Arkansas Congressional Delegation

Arkansas’s congressional delegation is returning to Washington D.C. following a July 4th recess and the state’s U.S. Senators are as tight lipped as ever about the GOP’s stalled bill to end much of the Affordable Care Act.

Does Senator Tom Cotton support the healthcare plan he helped draft with 12 other white male Republican Senators? Does Senator John Boozman support the plan backed by the majority of his party? These are basic questions Arkansans don’t have answers to.

Gov. Asa Hutchinson outlines changes he wants made to the Republican healthcare plan in the U.S. Senate.
Jacob Kauffman / KUAR

As Congress readies for the July recess, governors are among those trying to shape the stalled Senate healthcare bill. Arkansas’s Republican governor wants the state’s Republican  senators to make changes.

He isn’t offering a full rebuke – even saying the U.S. Senate is moving in the right direction - but Gov. Asa Hutchinson says the proposal poses a “big problem” for the state.

AACF Health Policy Director Marquita Little.
Arkansas Advocates for Children and Families

The Congressional Budget Office’s scoring on the Senate Republican healthcare plan is out and Arkansas Advocates for Children and Families concludes it'll do a great deal of harm to Arkansans. The CBO report finds 22 million people would lose insurance coverage, premiums would go up, and hundreds of millions of dollars in tax cuts would be given to the country’s wealthiest citizens – and that’s among many other changes.

Republican Rep. Rick Crawford
crawford.house.gov

The state’s Congressional delegation is revealing little about their positions on the Republican U.S. Senate proposal to roll back much of the Affordable Care Act. Senator Tom Cotton was one of a select few lawmakers to draft the bill in secret but even he has not commented extensively on the proposal. During a KUAR interview on Friday related to Cuba policy, U.S. Representative Rick Crawford of east Arkansas’s 1st District said he hasn’t read the Senate plan yet but appreciates that it’s moving quickly.

U.S. Senator Tom Cotton (R-Arkansas) questioning Director of National Intelligence James Clapper about Russian hacking.
C-SPAN

Republicans in the U.S. Senate released the initial draft of a healthcare bill Thursday that will reduce Medicaid spending, cut taxes for the wealthy, limit subsidies to private insurance companies, remove health insurance mandates, lower taxes for companies in the healthcare industry and enact other changes.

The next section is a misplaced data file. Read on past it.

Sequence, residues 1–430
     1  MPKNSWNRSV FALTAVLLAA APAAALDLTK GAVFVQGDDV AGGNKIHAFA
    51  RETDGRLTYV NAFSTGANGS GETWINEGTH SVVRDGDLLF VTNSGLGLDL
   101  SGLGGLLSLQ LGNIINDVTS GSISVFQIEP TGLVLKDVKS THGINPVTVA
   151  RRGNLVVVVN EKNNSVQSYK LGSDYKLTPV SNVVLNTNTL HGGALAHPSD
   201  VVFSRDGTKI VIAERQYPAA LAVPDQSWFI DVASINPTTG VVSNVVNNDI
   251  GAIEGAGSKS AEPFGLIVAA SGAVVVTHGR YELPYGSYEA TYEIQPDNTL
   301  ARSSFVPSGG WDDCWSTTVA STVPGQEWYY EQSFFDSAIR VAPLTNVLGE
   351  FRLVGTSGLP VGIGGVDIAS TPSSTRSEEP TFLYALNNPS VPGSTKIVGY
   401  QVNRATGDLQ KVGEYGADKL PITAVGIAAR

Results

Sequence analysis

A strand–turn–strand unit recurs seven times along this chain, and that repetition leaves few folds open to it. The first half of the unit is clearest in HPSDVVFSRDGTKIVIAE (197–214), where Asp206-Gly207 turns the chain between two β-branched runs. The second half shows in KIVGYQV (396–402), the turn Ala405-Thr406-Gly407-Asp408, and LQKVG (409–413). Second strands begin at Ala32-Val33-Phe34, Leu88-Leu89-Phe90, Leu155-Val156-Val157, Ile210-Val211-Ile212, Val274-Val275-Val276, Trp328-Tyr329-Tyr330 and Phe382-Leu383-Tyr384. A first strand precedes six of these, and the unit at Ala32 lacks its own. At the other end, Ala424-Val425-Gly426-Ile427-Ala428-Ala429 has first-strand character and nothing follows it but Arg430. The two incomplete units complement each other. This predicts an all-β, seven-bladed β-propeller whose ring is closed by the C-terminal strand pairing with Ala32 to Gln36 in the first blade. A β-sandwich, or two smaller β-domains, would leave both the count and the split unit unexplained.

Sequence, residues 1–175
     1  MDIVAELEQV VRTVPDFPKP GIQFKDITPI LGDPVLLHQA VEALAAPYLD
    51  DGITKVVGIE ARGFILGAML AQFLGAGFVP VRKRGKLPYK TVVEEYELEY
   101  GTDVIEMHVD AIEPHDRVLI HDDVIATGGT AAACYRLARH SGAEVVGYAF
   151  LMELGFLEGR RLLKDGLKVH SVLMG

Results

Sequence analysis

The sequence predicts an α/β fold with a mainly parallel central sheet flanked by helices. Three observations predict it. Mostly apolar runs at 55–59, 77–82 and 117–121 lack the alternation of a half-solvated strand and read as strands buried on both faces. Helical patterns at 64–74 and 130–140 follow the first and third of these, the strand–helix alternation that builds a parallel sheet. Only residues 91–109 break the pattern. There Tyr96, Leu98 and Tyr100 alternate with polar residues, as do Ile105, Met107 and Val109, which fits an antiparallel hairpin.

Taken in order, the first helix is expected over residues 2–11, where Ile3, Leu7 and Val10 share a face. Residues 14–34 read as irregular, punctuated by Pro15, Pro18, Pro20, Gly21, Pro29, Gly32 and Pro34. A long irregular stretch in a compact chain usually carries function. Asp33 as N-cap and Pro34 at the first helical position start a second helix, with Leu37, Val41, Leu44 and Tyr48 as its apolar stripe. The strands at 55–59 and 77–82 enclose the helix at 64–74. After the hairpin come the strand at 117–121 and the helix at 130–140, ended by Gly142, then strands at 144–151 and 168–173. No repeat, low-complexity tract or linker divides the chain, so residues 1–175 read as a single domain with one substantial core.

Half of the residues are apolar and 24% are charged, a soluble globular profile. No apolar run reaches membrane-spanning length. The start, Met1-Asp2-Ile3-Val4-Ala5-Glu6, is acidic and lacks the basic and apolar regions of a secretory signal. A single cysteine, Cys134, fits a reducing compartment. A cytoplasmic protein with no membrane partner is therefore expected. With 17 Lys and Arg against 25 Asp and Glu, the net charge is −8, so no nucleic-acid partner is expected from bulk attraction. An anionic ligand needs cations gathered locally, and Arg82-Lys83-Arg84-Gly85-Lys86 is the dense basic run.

Chris Hickey / KUAR News

As Republicans in the U.S. Senate near completion of an initial bill that could vastly alter or replace Obamacare, a  group of demonstrators gathered outside the Victory Building in Little Rock. They delivered the offices of Republican Senators Tom Cotton and John Boozman each about a thousand post cards from residents in the state. The cards, collected by activists with Arkansas Community Organizations and the group Health Care for America Now, ask the Senators to preserve Medicaid expansion and other benefits made available through federal health law. 

C-SPAN

On Capitol Hill Wednesday morning, two Arkansas congressmen joined their colleagues in questioning intelligence officials on foreign attempts to compromise American voting systems in the 2016 election.

GOP presidential primary frontrunner Donald Trump.
Charlie Neibergall/ AP

The interests of Arkansas’s agricultural leaders went unheralded by President Trump on Friday as he announced a move back toward Cold War relations with our Caribbean neighbor, Cuba. Much of the state’s Congressional delegation has also chimed in on the prospect of tougher relations as a move in the wrong direction.

The Arkansas Farm Bureau wants a “normalization” of trade relations with the communist nation and promises it’ll be an economic boon for the state. Arkansas is the largest cultivator of rice in the nation and not far behind that in poultry production.

Tyson Foods

Members of Arkansas’s Congressional delegation are safe after a gunman targeted a charity baseball game practice at around 7 a.m. EST Wednesday in Alexandria, Virginia, about 8 miles from the nation’s capitol.

Questions posed by the lone Arkansan sitting on the Senate Intelligence Committee to former FBI Director James Comey on Thursday produced little information that could be publicly disclosed. Arkansas’s Junior U.S. Sen. Tom Cotton was one of more than a dozen Senators to question Comey, who made his first public appearance since President Donald Trump fired him.

Pages